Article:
OTTAWA -- Green Party Leader Annamie Paul is calling out efforts by members of the party’s governing body to force her removal following internal policy disputes as “racist” and “sexist.”

Speaking to reporters on Wednesday, a day after an emergency meeting to discuss the fate of her leadership, Paul said while many of the individuals that sit on the Federal Council remain committed to a mandate of “transformation and diversity,” others don’t.

“A small group of councillors sought to force a vote of no-confidence in my leadership. They did so with no substantive consultation with the members they represent. They produced a list of allegations that were so racist, so sexist, that they were immediately disavowed by both our MPs as offensive and inflammatory and contrary to party ethics,” she said.

In a letter detailing allegations against Paul, which was obtained by CTV News, members accuse the leader of “acting with an autocratic attitude of hostility, superiority and rejection, failing to assume her duty to be an active, contributing, respectful, attentive member of Federal Council, failing to develop a collaborative working relationship, failing to engage in respectful discussions, and failing to use dialogue and compromise” among other items.

Paul said their plan did not “succeed” and thanked the other councillors who rejected the allegations.

On Tuesday, the council passed a resolution that asks Paul and Green MP Paul Manly to organize a joint statement and press conference whereby the leader would “repudiate” her former senior adviser for “attacks” on party members.

“Otherwise, a vote of non-confidence in the leader will take place on July 20, 2021, as per the GPC Constitution,” the statement reads.

The internal party dispute stems from comments made about the Israeli-Palestinian conflict. Former Green MP Jenica Atwin had tweeted out a pro-Palestinian message, a viewpoint supported by Manly, while Paul urged for peaceful resolution and de-escalation from both sides.

The leader’s former adviser Noah Zatzman expressed an opposing view and posted on Facebook stating : "We will work to defeat you and bring in progressive climate champions who are antifa and pro LGBT and pro indigenous sovereignty and Zionists!!!!!"

These “irreconcilable” differences in opinion, as Atwin told CTV’s Question Period, led to her crossing the floor to the Liberal caucus las week.

On the resolution and whether she’ll comply, Paul said she will need to discuss with her team about how to best proceed.

“I haven’t formally received the resolution from the council, I wasn’t there during the deliberations. It’s an important matter, I want to take it very seriously. I want to make sure I give it the thought it deserves,” she said.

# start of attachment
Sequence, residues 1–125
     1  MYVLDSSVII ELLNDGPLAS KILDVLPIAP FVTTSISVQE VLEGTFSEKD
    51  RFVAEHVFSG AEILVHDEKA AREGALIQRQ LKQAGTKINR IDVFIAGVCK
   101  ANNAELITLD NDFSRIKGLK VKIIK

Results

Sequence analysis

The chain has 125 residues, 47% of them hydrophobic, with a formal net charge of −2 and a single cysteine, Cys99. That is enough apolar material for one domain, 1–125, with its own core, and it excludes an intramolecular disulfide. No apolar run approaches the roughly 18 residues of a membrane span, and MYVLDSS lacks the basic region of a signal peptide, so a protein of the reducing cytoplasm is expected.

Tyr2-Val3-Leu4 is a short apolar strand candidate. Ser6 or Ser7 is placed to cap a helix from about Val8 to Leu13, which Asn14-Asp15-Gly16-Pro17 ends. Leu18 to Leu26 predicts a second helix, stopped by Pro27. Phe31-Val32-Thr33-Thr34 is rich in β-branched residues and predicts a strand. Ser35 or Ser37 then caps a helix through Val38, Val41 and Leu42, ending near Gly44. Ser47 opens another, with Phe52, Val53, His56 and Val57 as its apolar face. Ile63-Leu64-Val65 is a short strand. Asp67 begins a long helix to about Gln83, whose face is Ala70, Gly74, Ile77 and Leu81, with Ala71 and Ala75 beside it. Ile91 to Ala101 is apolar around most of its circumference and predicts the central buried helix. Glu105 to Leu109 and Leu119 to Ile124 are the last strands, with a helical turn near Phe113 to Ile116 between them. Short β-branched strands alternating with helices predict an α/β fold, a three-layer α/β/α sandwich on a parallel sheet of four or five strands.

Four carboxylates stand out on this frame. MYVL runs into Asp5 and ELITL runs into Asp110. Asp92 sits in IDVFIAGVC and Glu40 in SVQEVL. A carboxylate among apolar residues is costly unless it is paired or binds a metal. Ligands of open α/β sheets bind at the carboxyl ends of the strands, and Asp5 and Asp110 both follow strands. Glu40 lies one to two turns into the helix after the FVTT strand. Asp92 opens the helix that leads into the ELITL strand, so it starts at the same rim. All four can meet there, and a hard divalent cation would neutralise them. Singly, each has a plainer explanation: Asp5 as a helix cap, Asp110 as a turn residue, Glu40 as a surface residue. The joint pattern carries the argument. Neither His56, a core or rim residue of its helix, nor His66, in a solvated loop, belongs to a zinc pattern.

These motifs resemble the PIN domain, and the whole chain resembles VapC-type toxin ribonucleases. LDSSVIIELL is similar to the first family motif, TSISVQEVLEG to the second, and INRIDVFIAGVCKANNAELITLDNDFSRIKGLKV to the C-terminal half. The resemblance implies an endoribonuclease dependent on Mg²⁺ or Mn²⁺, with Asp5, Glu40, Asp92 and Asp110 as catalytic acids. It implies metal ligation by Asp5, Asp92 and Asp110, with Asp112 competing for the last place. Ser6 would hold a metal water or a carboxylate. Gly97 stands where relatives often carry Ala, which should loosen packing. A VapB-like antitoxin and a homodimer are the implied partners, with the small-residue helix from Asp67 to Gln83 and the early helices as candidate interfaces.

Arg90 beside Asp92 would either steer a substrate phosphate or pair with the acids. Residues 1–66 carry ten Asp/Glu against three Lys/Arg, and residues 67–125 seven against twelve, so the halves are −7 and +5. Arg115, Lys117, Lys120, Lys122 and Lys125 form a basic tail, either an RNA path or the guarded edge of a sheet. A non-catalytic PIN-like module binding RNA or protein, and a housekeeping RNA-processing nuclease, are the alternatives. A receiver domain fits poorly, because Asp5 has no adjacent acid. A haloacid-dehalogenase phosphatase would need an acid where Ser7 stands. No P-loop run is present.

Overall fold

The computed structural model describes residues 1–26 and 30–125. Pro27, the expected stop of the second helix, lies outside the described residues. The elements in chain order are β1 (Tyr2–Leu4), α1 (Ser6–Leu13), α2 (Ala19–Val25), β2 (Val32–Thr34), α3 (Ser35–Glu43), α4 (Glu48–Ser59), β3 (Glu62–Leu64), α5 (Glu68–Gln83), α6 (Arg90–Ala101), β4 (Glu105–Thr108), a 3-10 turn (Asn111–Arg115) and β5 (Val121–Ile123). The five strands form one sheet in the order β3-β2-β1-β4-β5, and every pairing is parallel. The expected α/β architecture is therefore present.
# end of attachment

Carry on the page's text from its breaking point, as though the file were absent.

In a subsequent interview on CTV News Channel’s Power Play, Paul added that she “doesn’t see the need” to publicly repudiate Zatzman if he no longer resides in her office.

The Green Party leader also fired off criticism at the Liberal government and specifically Prime Minister Justin Trudeau for targeting her success by poaching MPs and causing party turmoil.

“The Liberal Party of Canada has demonstrated that it is hell bent on winning their majority at almost any cost. By their admission, in recent days, they have sought to sow division, and to create disarray,” she said. “That claim that they are allies is one where they talk the talk without walking the walk. To the prime minister, Justin Trudeau, you are no ally and you are no feminist.”

The Quebec wing of the federal Green Party is calling for Paul to resign over the series of events.

“Annamie Paul, by her silence and masked support for Mr. Zatzman, is considered directly responsible for [Atwin’s] departure from the Green Caucus by members of the Quebec Wing of the Green Party,” a statement from the group reads.

“Hereby, the Quebec Wing of the Green Party of Canada, representing all local associations in Quebec, calls for the immediate resignation of the leader of the Green Party of Canada, Annamie Paul.”

On Wednesday, the two remaining Atlantic representatives on the party’s Federal Council announced their resignation.

In a statement to, the former councillor for Nova Scotia Lia Renaud said she could not continue to offer her support given what’s transpired.

"I will continue to support Elizabeth May, Paul Manly, and Green Champions in Atlantic Canada in the upcoming election,” she said. "The earth is the one thing we have in common. Canadians need leaders in sustainability at all levels of government – our economy requires it. We require leaders that are planning for future generations."

In response to these moves, Paul said she is accountable to the membership that got her to this position.